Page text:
Serological test: dot-ELISA-based assay

Samples were tested for antibody reactivity against E. canis and Anaplasma spp. using a commercial rapid in-clinic ELISA assay (SNAP 4Dx® test kit, IDEXX Laboratories, Inc., Westbrook, Maine, USA), according to the manufacturer's instructions.

DNA extraction, nested PCR and DNA sequencing

DNA was isolated from 200 µL of EDTA blood using the QIAamp DNA Blood Mini kit (Qiagen, Valencia, California, USA), following the manufacturer's instructions. Negative control purifications using ultra-pure water were performed to monitor cross-contamination for each batch of 10 samples. To verify the existence of amplifiable DNA in the samples, a PCR assay for the housekeeping gene glyceraldehyde-3-phosphate dehydrogenase (GAPDH) was performed as previously described (SANTOS et al., 2009bSantos AP, Messick JB, Biondo AW, Oliveira ST, Pedralli V, Lasta CS, et al. Design, optimization, and application of a conventional PCR assay with an internal control for detection of ‘Candidatus Mycoplasma turicensis’ 16S rDNA in domestic cats from Brazil. Vet Clin Pathol 2009b; 38(4): 443-452. http://dx.doi.org/10.1111/j.1939-165X.2009.00158.x
http://dx.doi.org/10.1111/j.1939-165X.20...
).

Samples were initially screened using the universal primer fD1 and the genus-specific primer EHR16SR (INOKUMA et al., 2001Inokuma H, Ohno K, Onishi T, Raoult D, Brouqui P. Detection of Ehrlichial Infection by PCR in dogs from Yamaguchi and Okinawa Prefectures, Japan. J Vet Med Sci 2001; 63(7): 815-817. PMid:11503912. http://dx.doi.org/10.1292/jvms.63.815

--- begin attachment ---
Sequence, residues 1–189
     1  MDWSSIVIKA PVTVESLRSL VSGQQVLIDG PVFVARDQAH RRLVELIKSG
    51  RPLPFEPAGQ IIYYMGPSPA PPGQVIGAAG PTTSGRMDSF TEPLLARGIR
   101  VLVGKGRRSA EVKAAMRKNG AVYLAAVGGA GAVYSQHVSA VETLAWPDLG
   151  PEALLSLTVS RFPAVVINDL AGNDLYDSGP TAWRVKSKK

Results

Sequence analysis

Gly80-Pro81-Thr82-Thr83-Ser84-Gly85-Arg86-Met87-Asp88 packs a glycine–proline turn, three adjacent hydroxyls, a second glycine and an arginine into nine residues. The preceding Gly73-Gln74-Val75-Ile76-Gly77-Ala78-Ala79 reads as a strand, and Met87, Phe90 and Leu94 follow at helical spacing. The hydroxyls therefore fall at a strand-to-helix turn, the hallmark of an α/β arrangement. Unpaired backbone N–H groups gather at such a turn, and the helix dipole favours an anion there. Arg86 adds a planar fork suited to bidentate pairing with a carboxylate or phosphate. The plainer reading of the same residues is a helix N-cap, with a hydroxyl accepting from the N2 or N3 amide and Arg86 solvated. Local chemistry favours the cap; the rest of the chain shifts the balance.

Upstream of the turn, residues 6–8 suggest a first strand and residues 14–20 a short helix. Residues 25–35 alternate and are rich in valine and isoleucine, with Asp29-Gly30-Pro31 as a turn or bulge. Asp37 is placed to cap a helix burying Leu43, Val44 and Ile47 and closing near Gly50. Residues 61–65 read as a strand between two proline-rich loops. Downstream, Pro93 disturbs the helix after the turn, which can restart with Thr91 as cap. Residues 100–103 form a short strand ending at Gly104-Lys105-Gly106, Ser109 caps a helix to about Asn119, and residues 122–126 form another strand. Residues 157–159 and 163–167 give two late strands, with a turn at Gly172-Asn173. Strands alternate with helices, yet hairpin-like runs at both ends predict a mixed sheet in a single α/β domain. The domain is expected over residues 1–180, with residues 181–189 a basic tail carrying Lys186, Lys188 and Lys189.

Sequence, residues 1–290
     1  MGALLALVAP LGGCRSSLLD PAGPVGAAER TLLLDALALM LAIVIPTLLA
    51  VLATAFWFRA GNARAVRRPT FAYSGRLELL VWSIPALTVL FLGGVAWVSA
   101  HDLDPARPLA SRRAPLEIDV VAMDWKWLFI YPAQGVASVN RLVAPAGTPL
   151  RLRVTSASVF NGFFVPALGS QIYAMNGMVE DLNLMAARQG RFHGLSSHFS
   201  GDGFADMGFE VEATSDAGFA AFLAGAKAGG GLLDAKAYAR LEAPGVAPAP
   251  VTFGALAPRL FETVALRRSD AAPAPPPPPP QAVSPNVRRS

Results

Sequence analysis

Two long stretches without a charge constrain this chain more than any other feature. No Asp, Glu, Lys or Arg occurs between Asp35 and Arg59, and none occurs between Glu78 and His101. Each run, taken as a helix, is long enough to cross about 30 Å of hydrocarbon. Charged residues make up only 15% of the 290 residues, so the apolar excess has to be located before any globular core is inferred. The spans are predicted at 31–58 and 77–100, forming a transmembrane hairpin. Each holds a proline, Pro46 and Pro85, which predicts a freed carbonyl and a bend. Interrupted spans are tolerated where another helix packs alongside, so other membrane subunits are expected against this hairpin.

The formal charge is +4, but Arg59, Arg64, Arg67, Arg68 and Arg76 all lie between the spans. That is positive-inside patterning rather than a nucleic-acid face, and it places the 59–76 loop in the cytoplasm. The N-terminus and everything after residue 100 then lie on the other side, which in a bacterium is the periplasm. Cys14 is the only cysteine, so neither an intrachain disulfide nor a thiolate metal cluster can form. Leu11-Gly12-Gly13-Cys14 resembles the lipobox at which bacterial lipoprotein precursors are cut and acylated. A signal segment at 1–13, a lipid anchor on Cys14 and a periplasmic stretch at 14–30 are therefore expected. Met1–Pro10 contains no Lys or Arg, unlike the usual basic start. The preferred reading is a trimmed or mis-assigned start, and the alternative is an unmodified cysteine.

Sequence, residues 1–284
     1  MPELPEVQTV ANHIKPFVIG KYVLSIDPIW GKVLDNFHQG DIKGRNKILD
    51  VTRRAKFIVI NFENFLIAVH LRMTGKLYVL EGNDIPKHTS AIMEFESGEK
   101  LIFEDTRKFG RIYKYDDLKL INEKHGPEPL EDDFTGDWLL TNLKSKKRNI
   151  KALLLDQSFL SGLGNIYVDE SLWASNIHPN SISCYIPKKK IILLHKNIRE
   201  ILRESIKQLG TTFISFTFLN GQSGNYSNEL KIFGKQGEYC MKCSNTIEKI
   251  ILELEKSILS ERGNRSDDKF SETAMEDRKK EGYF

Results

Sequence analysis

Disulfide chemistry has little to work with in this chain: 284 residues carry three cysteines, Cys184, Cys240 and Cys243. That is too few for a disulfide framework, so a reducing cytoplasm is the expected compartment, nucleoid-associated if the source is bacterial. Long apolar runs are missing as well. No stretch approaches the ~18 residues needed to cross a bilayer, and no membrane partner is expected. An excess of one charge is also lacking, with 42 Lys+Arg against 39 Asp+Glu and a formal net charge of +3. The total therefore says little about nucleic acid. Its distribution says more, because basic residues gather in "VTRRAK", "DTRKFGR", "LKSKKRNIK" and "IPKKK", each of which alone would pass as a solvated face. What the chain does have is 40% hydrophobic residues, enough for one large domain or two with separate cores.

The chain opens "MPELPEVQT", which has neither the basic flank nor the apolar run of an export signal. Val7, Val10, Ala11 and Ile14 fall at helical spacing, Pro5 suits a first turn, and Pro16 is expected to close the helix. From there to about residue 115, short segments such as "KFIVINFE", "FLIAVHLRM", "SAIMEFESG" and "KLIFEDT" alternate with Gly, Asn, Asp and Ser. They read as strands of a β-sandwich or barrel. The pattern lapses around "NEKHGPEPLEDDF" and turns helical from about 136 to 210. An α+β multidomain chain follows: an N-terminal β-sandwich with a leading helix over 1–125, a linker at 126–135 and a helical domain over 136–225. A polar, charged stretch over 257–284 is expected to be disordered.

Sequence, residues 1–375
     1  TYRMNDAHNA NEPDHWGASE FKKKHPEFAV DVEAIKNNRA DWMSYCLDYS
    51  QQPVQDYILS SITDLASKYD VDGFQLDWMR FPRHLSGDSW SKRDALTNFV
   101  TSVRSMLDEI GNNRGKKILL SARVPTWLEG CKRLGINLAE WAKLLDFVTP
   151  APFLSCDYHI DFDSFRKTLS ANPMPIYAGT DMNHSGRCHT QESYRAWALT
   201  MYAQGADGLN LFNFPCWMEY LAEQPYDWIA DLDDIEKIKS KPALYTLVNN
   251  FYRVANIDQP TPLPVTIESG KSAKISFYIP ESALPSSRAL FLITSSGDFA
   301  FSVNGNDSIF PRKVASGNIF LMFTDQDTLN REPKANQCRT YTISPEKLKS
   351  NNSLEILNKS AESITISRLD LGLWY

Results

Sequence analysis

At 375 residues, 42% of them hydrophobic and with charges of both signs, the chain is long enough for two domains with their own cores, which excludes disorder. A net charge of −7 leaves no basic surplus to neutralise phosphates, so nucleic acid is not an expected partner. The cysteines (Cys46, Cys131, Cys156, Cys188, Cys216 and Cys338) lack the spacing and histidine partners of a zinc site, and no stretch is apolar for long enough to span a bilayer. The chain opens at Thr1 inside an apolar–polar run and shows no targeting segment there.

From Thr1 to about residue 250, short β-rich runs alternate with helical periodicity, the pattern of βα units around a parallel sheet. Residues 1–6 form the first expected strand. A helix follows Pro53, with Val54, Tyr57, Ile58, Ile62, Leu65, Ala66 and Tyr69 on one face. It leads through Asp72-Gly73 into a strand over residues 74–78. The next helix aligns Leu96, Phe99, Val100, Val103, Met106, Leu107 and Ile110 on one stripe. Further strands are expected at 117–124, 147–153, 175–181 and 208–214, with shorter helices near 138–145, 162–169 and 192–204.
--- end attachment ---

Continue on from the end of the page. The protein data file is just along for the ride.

http://dx.doi.org/10.1292/jvms.63.815...
). These primers amplify 760 bp of the partial sequence of the 16S rRNA gene of Ehrlichia and Anaplasmaspecies. Briefly, 5 µL of DNA was used as a template for the primary amplification, in a total reaction mixture of 25 µL containing 1.5 mM of MgCl2, 0.2 mM of each deoxynucleoside triphosphate (dNTP), 0.25 U of Taq polymerase (Go Taq Fexi Promega, Madison, WI, USA) and 0.1 mM of each primer. After initial denaturation at 94 °C for 1 min, the amplification consisted of 35 cycles of 1 min each at temperatures of 94 °C, 55 °C and 72 °C for denaturation, annealing and extension, respectively.

The second amplification (nested PCR) was carried out using the primers CANIS and GA1UR for E. canis (504 bp), and PLATYS F and PLATYS R for A. platys (408 bp) with a few modifications (INOKUMA et al., 2001Inokuma H, Ohno K, Onishi T, Raoult D, Brouqui P. Detection of Ehrlichial Infection by PCR in dogs from Yamaguchi and Okinawa Prefectures, Japan. J Vet Med Sci 2001; 63(7): 815-817. PMid:11503912. http://dx.doi.org/10.1292/jvms.63.815
http://dx.doi.org/10.1292/jvms.63.815...
), which included: 1) PCR products were diluted 1:5 with nuclease-free water; and 2) 1 µL of the solution was used as the template DNA for the second reaction. The conditions for the PCR amplification were the same as for the first round of PCR, except for the annealing temperature for E. canis (57.6 °C) and the number of cycles (39). The positive controls were 10-fold dilutions of a plasmid containing starting concentrations of 5.47 × 109 and 6.18 × 1010 copies/µL of the 16S rRNA gene of E. canisand A. platys, respectively, until reaching less than 1 copy/µL. In each PCR run, the negative control consisted of all reagents (excluding sample) and ultra-pure water. The negative control from the first PCR run was also used as the negative control in the second run. Positive controls, including the control with the lowest copy number (determined as the detection limit for each assay) were included in every run.